The Adelaide Brighton Ltd. (ASX: ABC) share price is recovering from a weak open after the cement and lime supplier’s half year profit swung to a loss.
The news shouldn’t have shocked investors the second time around given that management had issued this profit warning a month ago.
The Adelaide Brighton share price shed 5 cents in early trade but is trading 1 cent higher at $3.14 during lunch time trade when the S&P/ASX 200 (Index:^AXJO) (ASX:XJO) index is inching up 0.1%.
Positive sentiment towards the industry could be giving the ABC share price a much-needed boost. Even the dog of the sector, the Boral Limited (ASX: BLD) share price, is bouncing back with a 6.1% jump to $4.32 after its big drubbing on the back of its disappointing outlook as the CSR Limited (ASX: CSR) share price added 0.9% to $4 and James Hardie Industries plc (ASX:JHX) share price increased 0.2% to $22.48 at the time of writing.
Big swing to net loss
Adelaide Brighton reported a 6.3% drop in interim revenue to $755.7 million and a net loss of $17.9 million compared to a net profit of $84.5 million in 1HFY18.
You can blame the ongoing slowdown in domestic demand for construction material for the bad result. The number of Australian residential construction approvals fell b a quarter on seasonally adjusted terms for the six months to June 2019.
The outlook isn’t great either as residential construction is tipped to continue to decline until 2021 before returning to growth.
Management is counting on mining and infrastructure construction to offset the weakness for its products in the near-term.
Light at the end of the tunnel?
It is trying to convince investors that it too can benefit from the surging gold price as that should spur precious metal miners to spend more on project development while nickel capacity expands due to the bullish outlook for the commodity.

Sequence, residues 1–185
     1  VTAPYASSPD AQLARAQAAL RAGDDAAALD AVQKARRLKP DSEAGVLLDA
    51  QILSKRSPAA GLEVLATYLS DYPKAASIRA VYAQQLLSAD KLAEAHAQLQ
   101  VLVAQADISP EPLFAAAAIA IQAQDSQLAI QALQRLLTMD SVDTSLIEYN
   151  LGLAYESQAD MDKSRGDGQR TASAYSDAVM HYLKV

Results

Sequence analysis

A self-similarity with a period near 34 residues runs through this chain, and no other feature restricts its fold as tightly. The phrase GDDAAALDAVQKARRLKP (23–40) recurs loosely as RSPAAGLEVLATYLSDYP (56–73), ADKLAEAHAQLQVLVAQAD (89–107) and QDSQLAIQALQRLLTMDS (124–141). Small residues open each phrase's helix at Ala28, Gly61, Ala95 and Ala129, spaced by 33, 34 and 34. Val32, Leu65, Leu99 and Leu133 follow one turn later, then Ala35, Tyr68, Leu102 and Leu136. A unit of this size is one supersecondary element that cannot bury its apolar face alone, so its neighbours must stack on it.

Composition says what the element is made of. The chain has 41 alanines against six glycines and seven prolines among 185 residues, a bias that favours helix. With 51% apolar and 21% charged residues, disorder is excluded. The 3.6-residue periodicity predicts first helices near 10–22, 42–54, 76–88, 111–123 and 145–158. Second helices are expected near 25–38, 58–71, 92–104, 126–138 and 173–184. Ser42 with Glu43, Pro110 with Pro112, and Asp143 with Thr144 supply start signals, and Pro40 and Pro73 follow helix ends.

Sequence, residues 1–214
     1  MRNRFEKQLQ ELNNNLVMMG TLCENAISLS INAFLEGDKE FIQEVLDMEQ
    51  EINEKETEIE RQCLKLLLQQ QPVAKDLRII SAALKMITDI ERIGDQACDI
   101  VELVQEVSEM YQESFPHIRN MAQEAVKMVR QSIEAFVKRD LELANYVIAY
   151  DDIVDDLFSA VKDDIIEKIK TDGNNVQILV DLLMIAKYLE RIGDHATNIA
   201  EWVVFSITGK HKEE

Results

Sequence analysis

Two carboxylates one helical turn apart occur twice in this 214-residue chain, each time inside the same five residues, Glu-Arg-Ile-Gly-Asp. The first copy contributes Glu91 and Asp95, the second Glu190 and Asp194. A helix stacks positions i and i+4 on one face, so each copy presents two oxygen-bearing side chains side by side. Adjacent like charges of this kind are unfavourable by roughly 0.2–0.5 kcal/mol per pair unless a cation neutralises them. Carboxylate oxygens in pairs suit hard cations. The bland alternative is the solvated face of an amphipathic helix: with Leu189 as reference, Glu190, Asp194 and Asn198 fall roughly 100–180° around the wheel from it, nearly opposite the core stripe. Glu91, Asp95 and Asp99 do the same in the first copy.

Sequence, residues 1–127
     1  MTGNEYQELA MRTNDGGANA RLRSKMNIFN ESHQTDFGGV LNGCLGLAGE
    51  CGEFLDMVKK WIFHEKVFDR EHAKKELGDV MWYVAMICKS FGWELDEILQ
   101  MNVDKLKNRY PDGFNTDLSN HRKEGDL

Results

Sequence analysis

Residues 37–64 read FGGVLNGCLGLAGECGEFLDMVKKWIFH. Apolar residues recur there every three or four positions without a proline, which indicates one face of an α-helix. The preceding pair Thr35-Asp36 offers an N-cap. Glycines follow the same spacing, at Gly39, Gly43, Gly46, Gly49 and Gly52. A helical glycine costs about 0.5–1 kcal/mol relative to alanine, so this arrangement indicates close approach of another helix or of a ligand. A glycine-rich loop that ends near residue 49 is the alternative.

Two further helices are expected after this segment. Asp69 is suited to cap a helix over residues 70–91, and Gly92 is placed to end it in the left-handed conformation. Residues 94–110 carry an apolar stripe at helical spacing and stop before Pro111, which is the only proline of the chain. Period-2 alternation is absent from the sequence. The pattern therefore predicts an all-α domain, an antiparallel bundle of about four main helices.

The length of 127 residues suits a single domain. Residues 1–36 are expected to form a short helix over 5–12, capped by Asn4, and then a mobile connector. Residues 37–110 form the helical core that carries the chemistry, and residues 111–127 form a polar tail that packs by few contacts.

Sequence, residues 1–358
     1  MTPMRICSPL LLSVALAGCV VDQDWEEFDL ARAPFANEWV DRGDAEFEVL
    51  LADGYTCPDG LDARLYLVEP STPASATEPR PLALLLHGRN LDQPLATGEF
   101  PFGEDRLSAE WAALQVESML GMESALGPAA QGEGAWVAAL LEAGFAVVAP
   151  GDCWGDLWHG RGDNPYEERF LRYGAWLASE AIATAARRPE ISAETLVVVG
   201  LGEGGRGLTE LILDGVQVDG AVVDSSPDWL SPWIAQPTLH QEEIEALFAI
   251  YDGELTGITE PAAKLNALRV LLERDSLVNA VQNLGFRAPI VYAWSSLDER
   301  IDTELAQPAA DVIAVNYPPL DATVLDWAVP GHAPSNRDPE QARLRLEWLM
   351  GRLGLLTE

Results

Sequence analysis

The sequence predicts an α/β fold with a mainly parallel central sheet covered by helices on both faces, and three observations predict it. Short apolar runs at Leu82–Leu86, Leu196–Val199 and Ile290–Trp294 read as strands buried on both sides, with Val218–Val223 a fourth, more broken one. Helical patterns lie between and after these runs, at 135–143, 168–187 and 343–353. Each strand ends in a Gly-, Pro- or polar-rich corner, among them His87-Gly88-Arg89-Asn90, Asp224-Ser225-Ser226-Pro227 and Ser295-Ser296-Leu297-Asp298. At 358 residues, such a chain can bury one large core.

If that comes to pass, demand for cement and lime in Western Australia and the Northern Territory should increase. But this assumes miners don’t use their strong cash flows to prioritise acquisitions over capex.
State and federal government’s commitment to spend big on infrastructure is also seen as a positive by Adelaide Brighton. There are a significant number of building projects that are scheduled to start and this should translate to stronger sales for the company in 2020.
In the meantime, it will be a nervous wait for shareholders given that the second half of 2019 looks bleak.
The benefits from the company’s cost cutting program also won’t be felt until 2020 and management is forecasting 2019 full year underlying net profit to range between $120 million and $130 million.
This compares to Adelaide Brighton’s 2018 net profit of $191 million.
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The Motley Fool Australia has no position in any of the stocks mentioned. We Fools may not all hold the same opinions, but we all believe that considering a diverse range of insights makes us better investors. The Motley Fool has a disclosure policy. This article contains general investment advice only (under AFSL 400691). Authorised by Scott Phillips.